through the gaming industry. Assassin’s
Creed II allows the player to play as Ezio Auditore In Venice, whose family
has just been murdered. The player then guides Ezio on his quest for revenge,
through ancestral memories of Desmond Miles, immersing themselves in the
Italian Renaissance. Professor Dow of Kansas State university suggests that
video games are a better medium to portray Renaissance Italy as he states, “the
interactive environment of the game (the simulation) is more responsive to the
gamer than the cinematic spectacle (the representation) is to the moviegoer.”
(Dow, 2013, p.218) Dow suggests that it is the participation of the player and
the game’s interactive nature that makes the game more thrilling. Hence it
could be suggested that Renaissance Italy Is revived through video games, in
particular Assassin’s Creed II, due to the combination of both the simulation
and the representation. Assassin’s Creed II successfully combines the
interactive component and brief cinematic episodes to immerse the player in
Renaissance Italy.

A further point to be considered is how
Renaissance Italy is revived through the gaming industry through the immersive
experience. The immersive experience enables the player to become fully
involved in the world of Renaissance Italy. Professor Dow states “From
Baudrillard’s perspective, guiding Ezio through the Florence of Assassin’s Creed II immerses the player
in a simulation of the city and blurs the distinction of the representation and
the real.” (Dow, 2013, p.218) Dow links Baudrillard’s theory of the simulacrum
being confused with reality with the immersive experience. Dow suggests that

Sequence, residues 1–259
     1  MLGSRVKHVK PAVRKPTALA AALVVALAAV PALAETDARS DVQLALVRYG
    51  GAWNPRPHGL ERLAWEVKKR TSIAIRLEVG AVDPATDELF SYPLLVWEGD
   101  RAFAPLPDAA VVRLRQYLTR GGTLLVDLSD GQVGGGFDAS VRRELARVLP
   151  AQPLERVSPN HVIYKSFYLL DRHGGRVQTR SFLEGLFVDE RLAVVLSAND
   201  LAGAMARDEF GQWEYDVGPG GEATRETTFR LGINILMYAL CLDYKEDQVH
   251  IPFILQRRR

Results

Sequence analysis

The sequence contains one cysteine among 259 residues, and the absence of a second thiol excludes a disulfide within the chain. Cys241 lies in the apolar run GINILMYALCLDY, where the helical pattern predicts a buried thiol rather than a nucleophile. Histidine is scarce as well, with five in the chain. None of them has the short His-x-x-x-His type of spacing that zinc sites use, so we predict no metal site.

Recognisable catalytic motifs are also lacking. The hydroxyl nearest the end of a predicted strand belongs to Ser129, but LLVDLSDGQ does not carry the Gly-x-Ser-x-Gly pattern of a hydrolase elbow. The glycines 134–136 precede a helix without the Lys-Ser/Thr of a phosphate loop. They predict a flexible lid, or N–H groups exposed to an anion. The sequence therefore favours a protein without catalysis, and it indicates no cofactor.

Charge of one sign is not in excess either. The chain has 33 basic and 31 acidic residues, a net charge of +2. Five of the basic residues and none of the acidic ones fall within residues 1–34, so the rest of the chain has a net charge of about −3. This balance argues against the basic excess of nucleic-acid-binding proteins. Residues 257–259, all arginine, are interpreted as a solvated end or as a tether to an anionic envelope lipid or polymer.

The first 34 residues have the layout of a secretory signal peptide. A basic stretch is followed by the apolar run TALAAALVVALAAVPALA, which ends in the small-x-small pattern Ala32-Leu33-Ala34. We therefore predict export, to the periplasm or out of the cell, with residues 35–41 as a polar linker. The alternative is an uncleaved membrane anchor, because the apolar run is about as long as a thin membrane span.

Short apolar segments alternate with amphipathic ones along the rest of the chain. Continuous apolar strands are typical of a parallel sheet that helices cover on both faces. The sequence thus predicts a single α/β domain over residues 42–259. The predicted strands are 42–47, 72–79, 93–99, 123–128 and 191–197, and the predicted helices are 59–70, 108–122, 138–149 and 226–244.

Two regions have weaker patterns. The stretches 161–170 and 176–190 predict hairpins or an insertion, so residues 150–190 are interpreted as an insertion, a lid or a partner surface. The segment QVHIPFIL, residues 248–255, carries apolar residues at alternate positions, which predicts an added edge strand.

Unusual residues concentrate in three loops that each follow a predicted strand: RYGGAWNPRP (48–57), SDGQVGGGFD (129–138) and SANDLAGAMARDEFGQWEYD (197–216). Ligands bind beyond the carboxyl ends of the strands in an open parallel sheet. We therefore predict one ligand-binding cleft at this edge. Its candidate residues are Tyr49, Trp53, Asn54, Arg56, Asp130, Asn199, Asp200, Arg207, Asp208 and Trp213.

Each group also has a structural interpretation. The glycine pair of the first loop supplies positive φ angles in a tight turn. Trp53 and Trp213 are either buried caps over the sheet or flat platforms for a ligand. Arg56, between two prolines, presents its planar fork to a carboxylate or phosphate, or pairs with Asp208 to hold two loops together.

the narrative of Assassin’s Creed creates an immersive experience, particularly
combined with a simulation of the city. The revival of Renaissance Italy
creates an immersive experience, to the extent that the player no longer can
distinguish between the simulacrum and the real.

A further point to be considered is that
Renaissance Italy is revived due to its architecture. Here I will explore why
in particular Assassin’s Creed chose
Renaissance Italy’s architecture. As Craig Lambert asserts reveals in his
article, “80% of the architecture is still the same!” (Craig Lambert, 2013) The
article suggests that Renaissance Italy is exploited since most of the
architecture remains the same and can be used in gaming processes. Furthermore,
Dow adds to this as he claims that the game “is a simulacrum…. A deviation and
perversion of imitation itself.” (Dow, 2013, p.219) Dow suggests that the
setting of Assassin’s Creed II indeed
is exploited since the architecture can almost exactly by emulated, even though
the game had in depth research as the team took long field trips to each
location, with artists taking thousands of photos and hours of video footage.
(Keith Stuart, 2010) This enforces the idea that the game exploits Renaissance
Italy through its architecture, since it mostly remains the same today it is
easier than other destinations to create a simulacrum. An example of the
exploitation of architecture can be seen through St Marks Basilica. In Assassin’s Creed II in St Mark’s Square
the cathedral is clearly visible. However it features a façade. While the
stonework is incomplete, it resembles the state of incompleteness from the 19th
century structure, not the 15th century structure. (Dow, 2013, p.219) The
simulation is inaccurate, and otherwise the audience would not know that this
detail is historically inaccurate. It is undeniable that Renaissance Italy is
revived in the digital age, however here it is clearly exploited as the team at
Assassin’s Creed selectively pick and choose which aspects of history they want
to include. While architecture of Renaissance Italy has been revived, it has